Of all the measures of wellbeing of Australia’s workers and families, one has reliably increased over the decades. That is despite droughts, floods, recessions, changes of government, jobless rises and falls, and housing booms and busts. Until now.
‘Household gross disposable income’ quantifies the cash families and individuals receive from all sources – jobs, investments and other income streams – after taxes and the Medicare levy are paid.
So it is a handy guide to how much national income goes to regular working people. It is measured quarterly by Australia’s statistics bureau in the series on the nation’s finance and wealth.
Since records have been kept, the amount of money Australian families have been free to spend has increased steadily almost every year.
In the past 30 years, there have been only four 12-month periods when money available to spend has declined compared with the previous year.
The first was in the year to December 2002 when Australia – and the world – was whacked by the early 2000s global recession.
The second was the year to December 2009, when all developed economies were in turmoil brought about by the global financial crisis.
Both times, the indicator returned to strong positive growth in the following quarters.
Disturbingly, however, the last two losses of disposable income were in 2015 and 2017, during periods of strong global recovery, robust trade, excellent business revenue and record corporate profits.
‘Household gross disposable income’ fell in the year to December 2015, the transition year from prime minister Tony Abbott and treasurer Joe Hockey to Malcolm Turnbull and Scott Morrison.
There is no obvious explanation for this drop apart, perhaps, from Mr Turnbull’s observation that his predecessor had “not been capable of providing the economic leadership our nation needs”.
The latest figures show that ‘household gross disposable income’ fell again in the March 2017 quarter.
The amount Australian families were free to spend declined between January and March to $278.6 billion for the nation overall. That followed a significant fall the quarter before, down from $299 billion to $296.7 billion.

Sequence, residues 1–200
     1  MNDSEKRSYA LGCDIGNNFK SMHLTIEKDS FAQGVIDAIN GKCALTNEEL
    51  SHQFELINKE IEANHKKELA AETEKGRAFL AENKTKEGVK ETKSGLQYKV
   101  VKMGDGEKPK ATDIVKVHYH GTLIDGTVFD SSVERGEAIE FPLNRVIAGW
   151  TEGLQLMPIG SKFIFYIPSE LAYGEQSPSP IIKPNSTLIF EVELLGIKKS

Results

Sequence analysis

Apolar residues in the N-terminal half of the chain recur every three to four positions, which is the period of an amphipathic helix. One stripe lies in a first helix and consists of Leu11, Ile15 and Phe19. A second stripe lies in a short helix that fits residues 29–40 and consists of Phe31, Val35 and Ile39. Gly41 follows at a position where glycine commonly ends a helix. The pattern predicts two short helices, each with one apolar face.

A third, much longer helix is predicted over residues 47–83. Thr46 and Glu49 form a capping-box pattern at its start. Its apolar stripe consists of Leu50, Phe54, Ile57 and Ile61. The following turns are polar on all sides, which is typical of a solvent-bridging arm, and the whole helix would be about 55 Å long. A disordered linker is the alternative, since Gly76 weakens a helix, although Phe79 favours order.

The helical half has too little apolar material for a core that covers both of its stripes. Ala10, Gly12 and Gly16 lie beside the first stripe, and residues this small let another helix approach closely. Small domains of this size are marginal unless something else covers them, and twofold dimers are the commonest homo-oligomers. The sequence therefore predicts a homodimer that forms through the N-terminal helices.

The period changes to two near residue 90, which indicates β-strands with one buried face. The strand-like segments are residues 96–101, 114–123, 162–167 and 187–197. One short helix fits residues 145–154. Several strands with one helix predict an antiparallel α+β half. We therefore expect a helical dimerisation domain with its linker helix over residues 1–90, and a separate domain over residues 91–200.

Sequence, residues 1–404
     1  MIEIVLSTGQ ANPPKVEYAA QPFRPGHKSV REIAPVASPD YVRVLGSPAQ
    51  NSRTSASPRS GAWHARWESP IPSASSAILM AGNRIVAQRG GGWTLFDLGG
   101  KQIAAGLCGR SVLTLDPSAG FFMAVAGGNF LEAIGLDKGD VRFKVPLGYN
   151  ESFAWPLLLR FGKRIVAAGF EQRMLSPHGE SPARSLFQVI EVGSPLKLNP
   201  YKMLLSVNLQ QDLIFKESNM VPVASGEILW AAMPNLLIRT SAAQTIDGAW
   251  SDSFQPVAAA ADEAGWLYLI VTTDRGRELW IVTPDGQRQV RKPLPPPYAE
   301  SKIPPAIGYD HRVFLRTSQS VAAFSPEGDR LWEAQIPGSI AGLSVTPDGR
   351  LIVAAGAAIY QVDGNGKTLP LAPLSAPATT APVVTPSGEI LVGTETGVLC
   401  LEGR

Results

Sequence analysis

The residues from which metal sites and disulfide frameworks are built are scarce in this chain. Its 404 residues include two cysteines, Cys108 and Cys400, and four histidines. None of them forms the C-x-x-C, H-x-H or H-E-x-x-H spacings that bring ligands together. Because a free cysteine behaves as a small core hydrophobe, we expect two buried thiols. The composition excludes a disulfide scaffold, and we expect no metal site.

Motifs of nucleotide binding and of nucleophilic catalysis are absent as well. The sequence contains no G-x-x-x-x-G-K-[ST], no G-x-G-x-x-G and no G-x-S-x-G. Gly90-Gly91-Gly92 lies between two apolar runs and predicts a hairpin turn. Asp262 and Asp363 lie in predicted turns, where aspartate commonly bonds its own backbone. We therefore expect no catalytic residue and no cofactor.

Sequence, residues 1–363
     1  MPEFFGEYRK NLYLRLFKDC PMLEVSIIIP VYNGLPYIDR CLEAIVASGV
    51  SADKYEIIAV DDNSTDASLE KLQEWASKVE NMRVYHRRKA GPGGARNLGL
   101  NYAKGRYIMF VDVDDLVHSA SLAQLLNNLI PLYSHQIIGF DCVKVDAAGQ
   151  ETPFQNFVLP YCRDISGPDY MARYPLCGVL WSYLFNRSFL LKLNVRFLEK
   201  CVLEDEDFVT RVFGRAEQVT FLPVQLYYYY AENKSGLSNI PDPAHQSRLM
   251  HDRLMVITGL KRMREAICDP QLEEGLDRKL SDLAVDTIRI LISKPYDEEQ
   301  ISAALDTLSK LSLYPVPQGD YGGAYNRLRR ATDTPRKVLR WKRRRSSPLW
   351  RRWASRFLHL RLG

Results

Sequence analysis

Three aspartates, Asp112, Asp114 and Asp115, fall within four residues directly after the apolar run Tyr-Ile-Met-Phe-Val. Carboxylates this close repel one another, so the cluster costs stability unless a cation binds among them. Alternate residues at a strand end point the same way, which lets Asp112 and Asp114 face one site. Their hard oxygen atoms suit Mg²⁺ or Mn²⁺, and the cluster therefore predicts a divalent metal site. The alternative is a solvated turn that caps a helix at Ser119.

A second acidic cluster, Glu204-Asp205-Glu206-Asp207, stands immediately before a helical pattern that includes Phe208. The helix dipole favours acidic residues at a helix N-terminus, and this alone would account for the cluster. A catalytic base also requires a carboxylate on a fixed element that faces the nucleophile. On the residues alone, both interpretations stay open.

Hence, the decline over six months was a staggering $20.4 billion. That is the largest dollar decline in history and the steepest percentage drop since the 2002 recession.
Quarterly drops are not uncommon, but four quarterly declines in the space of six quarters – which has just happened – certainly is. Outside global recessions, it is unprecedented.
The figures are better interpreted over a full year, and when matched against the number of households.
Using ABS household numbers, disposable income is now $29,640 per household per year. That is down from $31,960 six months ago. It is well below the $31,650 at the end of 2013.
Allowing for the effects of inflation, earnings peaked in 2011, 2012 and 2013, despite the impact of the global crisis.
Households now, however, are earning about the same as in 2007, towards the end of the Howard years. Since then, of course, executive pay packages, MPs’ salaries, professional incomes and company profits have all risen spectacularly.
The same ABS data showed household net savings increased by a puny $7.69 billion in the March quarter. That is the lowest rise since June 2008.
The total increase in savings for the 12 months to the end of March was just $57.94 billion, the lowest since 2008-09, when the GFC was starting to take its toll.
As The New Daily has regularly reported, wages have been depressed in the past three years, the tax burden has shifted from corporations and high-income professionals to wage and salary earners, and both unemploymentand underemployment remain entrenched.
To economists, this shift of income from the poor and middle to the rich is not just a matter of fairness, it is also a serious drag on the economy.
When household disposable income declines, so does revenue in retail, wholesale, cafes and restaurants, entertainment, the arts, tourism and transport.
These are all key areas for jobs and growth – which everyone agrees are the priorities.
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